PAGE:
i was psyched to see this video today. i never knew they made a video. i think it's actually quite important as far as freedom of art is concerned. there is a very interesting story behind all of this.
Danger Mouse is a very talented DJ. He does alot of mashups -- combining two different songs together, ususally from different musical genres. In 2004 he made a mashup album that was quite controversial and i have been very interested in it all. He took the classc White Album from The Beatles and The Black Album from Jay-Z and combined them to come up with The Grey Album. He used these two albums because he respected these artists so much. Can you imagine how much work that must have been to produce an entire album redoing all the songs? I LOVE the art behind the mashups . . . i think because i took several sound editing classes in college so i know what is involved technically, but also because i just love music and i like to see the different things people come up with.
When he released The Grey Album online it was very well received and generated alot of buzz. Everyone was talking about it and EMI, who holds the copyright to the beatles album took action against him. he got a cease and dissist letter and was forced to take down all the tracks. It brings up the question: what is art? I think that using the beatles lyrics and music as a contribution towards a new piece of work should be an honor! it's not really stealing since he used only their acapella track. but, good old corporate america doesn't agree i suppose. according to the wikpedia entry:
Danger Mouse never asked permission to use The Beatles' material, and intended to produce a limited production run of 3,000 copies. Jay-Z's material, on the other hand, was commercially released in a cappella form. Although the work was copyrighted, it was released for the implicit purpose of encouraging mashups and remixes.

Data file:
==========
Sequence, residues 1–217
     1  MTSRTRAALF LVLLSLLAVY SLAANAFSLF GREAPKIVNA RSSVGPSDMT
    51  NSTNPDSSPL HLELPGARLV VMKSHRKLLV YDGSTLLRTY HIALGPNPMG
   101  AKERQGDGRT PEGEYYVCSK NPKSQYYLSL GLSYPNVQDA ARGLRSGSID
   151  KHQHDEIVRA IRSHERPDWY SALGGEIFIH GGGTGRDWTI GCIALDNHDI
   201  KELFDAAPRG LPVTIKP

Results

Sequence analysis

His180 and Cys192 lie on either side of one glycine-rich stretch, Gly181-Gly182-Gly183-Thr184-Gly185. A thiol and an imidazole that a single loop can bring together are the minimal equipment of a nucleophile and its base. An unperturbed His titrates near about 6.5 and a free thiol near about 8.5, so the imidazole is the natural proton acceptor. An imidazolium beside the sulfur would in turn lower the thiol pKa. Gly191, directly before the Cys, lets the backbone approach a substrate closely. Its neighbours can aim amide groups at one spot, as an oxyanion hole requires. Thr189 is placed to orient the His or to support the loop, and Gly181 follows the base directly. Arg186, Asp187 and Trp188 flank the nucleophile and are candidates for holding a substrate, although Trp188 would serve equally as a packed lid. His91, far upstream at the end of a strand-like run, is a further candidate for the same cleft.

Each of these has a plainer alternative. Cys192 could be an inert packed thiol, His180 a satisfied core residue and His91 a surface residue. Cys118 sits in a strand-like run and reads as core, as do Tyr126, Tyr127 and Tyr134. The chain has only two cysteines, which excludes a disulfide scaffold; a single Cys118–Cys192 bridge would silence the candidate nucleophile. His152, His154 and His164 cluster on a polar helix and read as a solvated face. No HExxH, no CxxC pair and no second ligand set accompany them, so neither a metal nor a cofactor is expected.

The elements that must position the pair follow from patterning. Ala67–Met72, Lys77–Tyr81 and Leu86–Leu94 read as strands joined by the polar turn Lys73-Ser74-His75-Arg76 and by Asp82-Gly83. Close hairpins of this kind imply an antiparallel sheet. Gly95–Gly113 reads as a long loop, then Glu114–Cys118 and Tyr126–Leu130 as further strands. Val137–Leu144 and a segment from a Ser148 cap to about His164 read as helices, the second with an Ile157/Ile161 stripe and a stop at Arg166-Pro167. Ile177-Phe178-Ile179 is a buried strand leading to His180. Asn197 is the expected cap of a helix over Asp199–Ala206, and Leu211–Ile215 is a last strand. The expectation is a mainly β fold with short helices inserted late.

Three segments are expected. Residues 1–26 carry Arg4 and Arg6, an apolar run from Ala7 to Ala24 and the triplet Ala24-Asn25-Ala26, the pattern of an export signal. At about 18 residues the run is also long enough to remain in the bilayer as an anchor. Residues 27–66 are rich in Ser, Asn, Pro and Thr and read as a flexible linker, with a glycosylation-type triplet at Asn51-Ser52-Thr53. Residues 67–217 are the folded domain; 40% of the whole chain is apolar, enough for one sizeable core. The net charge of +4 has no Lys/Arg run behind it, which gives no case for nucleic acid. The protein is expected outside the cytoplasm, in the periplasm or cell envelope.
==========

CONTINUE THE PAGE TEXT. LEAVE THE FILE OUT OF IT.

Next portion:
this act by the musc industry back in 2004 had a big backlash. several bloggers and people championing the "freedom of the internet" cause rebelled on Grey Tuesday.
An organization which dedicates itself to music activism, Downhill Battle led a web-based protest to EMI's actions on Tuesday, February 23rd (2004). Naming the event Grey Tuesday, over 170 web sites hosted a full copy of the Grey Album for 24 hours, despite the numerous cease-and-desist orders issued by EMI to ISP owners. This protest proved a great success; overall, Grey Tuesday yielded over 100,000 downloads in one day, amounting to over one million digital tracks.
i know this is all old news from two years ago, but these issues still come into play today. and The Grey Album was one of the first big controversies, but definately not the last. It will be interesting to see how the music industry keeps evolving to handle both the internet and the new technologies available to new artists using this medium.
Luckily, all the lawsuits were dropped and today you can download all the tracks from The Grey Album (through blog torrent) if you are so inclined. but for an easy sample of the mashup, check out the video for the track Encore which features black-and-white footage from the beatles movie A Hard Day's Night and concert footage of artist Jay-Z in combination with computer animation. damn, can you imagine what all the whities would have done if they saw jay-z walking down the street as is in 1964? times have changed!